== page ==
Besides weapons, you can buy skills.

Every character has 4 skills. 1 of their skills is always available in each round, and refreshes after every round. Some skills can refresh and used a second time in a round.

There are also 2 other skills for each player that you need to buy. They work similarly to grenades, and most of them are crowd control and AoE skills.

Finally, each player has his Ultimate. This can be recharged by killing enemies, finding black orbs around the map and securing them (making you vulnerable for a few seconds), dying (only once every round) and by defusing or planting the Spike.

The weapons are also quite complicated. As expected, each weapon has a different recoil, magazine, power, etc.

You will need to learn which weapon is optimal in which situation, when to burst fire, continuously fire, or one-tap (throwing a bullet at a time), which weapons can penetrate walls and doors, how much damage you deal and most importantly, where to aim to hit the head.

You can also right-click to get enhanced zoom on most weapons (for the cost of mobility and rate of fire). Some weapons have a secondary attack instead.

The game has friendly fire as well, but only on abilities.

Competitive requires A LOT of communication. The game has in-game voice chat, and you must use this to the fullest lest you want to lose every time. You must use it to give info on the enemy position, or enemy damage taken.

You can also use it when you want to cover a specific point, or trade a weapon, or before you use a grenade. Generally, you’ll want to use it as much as possible, as info is key to victory. I’m not even exaggerating!

It’s even possible to hear someone coming (unless he’s sneaking).

As you see, the game has a lot of macro (economy and positioning) and micro (grenade placement and weapon usage) to handle. That’s why I recommend trying out casual a lot before going to ranked. Maybe even finding a team of friends to make things easier.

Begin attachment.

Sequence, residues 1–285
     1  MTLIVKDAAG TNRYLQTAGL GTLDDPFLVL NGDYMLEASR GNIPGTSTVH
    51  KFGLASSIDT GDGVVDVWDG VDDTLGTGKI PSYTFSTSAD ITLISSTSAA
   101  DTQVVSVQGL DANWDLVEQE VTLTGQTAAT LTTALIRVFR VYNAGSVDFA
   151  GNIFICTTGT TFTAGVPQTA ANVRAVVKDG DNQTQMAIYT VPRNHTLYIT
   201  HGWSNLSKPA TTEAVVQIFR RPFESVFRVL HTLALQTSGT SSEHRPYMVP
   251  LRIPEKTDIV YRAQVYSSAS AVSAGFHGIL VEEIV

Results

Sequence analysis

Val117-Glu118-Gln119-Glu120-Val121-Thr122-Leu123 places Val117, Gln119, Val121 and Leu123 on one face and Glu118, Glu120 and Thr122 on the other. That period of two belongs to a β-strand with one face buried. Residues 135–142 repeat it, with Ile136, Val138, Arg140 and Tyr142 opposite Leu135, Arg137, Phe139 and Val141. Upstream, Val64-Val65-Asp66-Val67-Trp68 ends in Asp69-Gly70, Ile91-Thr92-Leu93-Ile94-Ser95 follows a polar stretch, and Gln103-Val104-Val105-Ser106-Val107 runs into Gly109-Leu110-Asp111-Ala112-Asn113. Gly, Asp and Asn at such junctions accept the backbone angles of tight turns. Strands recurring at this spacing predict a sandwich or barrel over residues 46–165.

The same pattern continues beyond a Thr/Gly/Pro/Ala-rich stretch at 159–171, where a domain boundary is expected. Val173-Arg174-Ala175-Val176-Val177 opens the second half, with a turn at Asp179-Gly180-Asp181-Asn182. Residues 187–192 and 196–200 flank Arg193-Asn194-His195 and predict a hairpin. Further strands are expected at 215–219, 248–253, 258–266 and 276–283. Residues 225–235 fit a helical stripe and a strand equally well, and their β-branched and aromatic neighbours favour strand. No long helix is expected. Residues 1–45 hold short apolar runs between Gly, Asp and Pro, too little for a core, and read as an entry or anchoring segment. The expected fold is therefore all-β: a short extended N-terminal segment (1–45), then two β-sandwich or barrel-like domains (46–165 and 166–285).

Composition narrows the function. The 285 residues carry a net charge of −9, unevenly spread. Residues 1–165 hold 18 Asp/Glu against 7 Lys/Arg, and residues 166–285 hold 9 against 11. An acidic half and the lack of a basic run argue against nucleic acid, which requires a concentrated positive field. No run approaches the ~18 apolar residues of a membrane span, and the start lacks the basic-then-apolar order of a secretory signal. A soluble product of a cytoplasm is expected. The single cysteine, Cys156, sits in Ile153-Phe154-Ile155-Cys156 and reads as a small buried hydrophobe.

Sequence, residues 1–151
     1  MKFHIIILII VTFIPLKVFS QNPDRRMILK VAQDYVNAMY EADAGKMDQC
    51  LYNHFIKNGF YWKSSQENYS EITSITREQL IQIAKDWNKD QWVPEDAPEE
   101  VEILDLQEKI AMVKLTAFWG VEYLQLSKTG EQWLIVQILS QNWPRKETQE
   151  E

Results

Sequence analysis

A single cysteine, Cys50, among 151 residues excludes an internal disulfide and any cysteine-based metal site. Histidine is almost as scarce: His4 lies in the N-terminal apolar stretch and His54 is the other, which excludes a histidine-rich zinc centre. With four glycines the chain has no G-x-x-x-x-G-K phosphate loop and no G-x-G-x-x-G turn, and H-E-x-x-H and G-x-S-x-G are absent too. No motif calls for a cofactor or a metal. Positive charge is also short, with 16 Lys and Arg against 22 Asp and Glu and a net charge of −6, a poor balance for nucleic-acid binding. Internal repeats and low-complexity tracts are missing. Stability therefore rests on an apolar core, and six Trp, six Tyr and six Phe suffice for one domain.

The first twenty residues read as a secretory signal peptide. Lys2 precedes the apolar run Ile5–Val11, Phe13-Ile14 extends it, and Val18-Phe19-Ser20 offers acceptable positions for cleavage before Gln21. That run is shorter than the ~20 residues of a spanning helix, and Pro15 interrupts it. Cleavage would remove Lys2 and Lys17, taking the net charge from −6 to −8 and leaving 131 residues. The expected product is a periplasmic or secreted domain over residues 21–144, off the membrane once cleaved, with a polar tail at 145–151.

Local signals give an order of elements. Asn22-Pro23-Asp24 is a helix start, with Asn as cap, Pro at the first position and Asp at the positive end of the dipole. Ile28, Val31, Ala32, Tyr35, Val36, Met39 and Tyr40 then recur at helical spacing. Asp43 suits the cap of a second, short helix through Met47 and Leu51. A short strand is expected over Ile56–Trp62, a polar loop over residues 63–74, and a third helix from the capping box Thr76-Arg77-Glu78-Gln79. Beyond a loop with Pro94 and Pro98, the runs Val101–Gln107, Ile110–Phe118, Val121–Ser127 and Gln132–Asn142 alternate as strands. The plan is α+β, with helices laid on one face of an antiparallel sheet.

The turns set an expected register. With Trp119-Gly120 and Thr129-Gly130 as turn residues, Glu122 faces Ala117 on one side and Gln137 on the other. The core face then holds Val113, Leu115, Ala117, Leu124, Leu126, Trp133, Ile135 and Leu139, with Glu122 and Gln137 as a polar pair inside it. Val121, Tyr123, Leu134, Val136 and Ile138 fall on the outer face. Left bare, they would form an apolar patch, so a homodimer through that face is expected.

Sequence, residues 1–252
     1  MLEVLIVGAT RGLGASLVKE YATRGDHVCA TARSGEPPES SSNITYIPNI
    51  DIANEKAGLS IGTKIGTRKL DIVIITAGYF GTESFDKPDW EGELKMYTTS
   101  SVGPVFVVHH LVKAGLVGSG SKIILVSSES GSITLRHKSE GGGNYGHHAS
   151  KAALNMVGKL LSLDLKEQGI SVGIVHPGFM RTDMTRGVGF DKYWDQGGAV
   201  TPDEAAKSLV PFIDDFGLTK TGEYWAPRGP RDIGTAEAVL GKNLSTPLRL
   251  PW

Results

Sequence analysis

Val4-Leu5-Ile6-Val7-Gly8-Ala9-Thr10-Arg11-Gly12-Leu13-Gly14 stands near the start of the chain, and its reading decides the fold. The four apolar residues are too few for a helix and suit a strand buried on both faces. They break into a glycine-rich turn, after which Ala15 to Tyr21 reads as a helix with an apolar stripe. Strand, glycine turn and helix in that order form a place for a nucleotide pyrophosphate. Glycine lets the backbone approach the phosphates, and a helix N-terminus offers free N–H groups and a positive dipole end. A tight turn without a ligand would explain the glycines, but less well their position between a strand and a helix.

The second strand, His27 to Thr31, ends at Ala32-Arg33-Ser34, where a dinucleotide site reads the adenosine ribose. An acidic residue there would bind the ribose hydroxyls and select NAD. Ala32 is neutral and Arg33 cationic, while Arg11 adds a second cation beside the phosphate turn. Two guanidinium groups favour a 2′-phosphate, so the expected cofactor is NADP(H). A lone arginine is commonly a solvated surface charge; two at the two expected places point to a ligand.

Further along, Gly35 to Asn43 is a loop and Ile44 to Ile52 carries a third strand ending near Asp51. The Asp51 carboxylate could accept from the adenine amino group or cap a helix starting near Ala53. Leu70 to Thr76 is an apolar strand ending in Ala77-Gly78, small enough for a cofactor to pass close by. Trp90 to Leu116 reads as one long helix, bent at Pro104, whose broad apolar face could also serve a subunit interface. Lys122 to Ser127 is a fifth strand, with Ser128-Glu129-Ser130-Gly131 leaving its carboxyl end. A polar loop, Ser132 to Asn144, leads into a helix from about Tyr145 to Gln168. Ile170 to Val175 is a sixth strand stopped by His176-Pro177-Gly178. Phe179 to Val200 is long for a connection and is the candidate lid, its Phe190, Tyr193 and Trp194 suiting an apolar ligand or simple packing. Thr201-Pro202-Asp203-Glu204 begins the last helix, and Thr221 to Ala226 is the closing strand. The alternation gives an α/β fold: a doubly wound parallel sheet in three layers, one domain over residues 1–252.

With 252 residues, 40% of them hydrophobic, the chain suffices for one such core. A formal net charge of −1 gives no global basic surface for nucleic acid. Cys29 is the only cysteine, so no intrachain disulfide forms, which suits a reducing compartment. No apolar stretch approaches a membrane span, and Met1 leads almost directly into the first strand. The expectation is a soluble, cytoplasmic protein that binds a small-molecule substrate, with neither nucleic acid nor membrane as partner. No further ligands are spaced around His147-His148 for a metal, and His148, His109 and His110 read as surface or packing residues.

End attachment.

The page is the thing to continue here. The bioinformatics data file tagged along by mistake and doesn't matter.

When we’re talking Riot Games, you can expect a game that runs on very bad PCs and Laptops, which is one of the company’s reasons of success.

That said, the graphics are polished and quite good, despite not being as realistic.

Personal Thoughts

The game definitely looks like a CS:GO clone with some Overwatch elements incorporated.

In fact, I wouldn’t blame you if you call it that.

But Riot seems to have the secret to success, and like their previous “tests” into other genres, it’s probably gonna be extremely popular.

That said, it might not be bad at all. I mean, there isn’t something similar, and if it’s fun, why not?

This game is serious enough to be taken as an actual FPS but also has elements of an RPG for the more adventurous out there.

I suggest you try it out. Besides, as we’re talking about Riot here, it’s completely free of charge.

Final Verdict

Storyline: 7.0

Gameplay: 9.2

Visuals: 7.5

General Rating: 7.9

That’s it for my review. Do you like Valorant? Do you prefer it than CS:GO and/or Overwatch? Leave a comment below.

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Shihab @ Aimlab Ranks

I want my aim to be awesome, if I only play aimlabs a lot can I achieve this? I mean 600 hundred hours of aimlabs, with the same sensitivity and configurations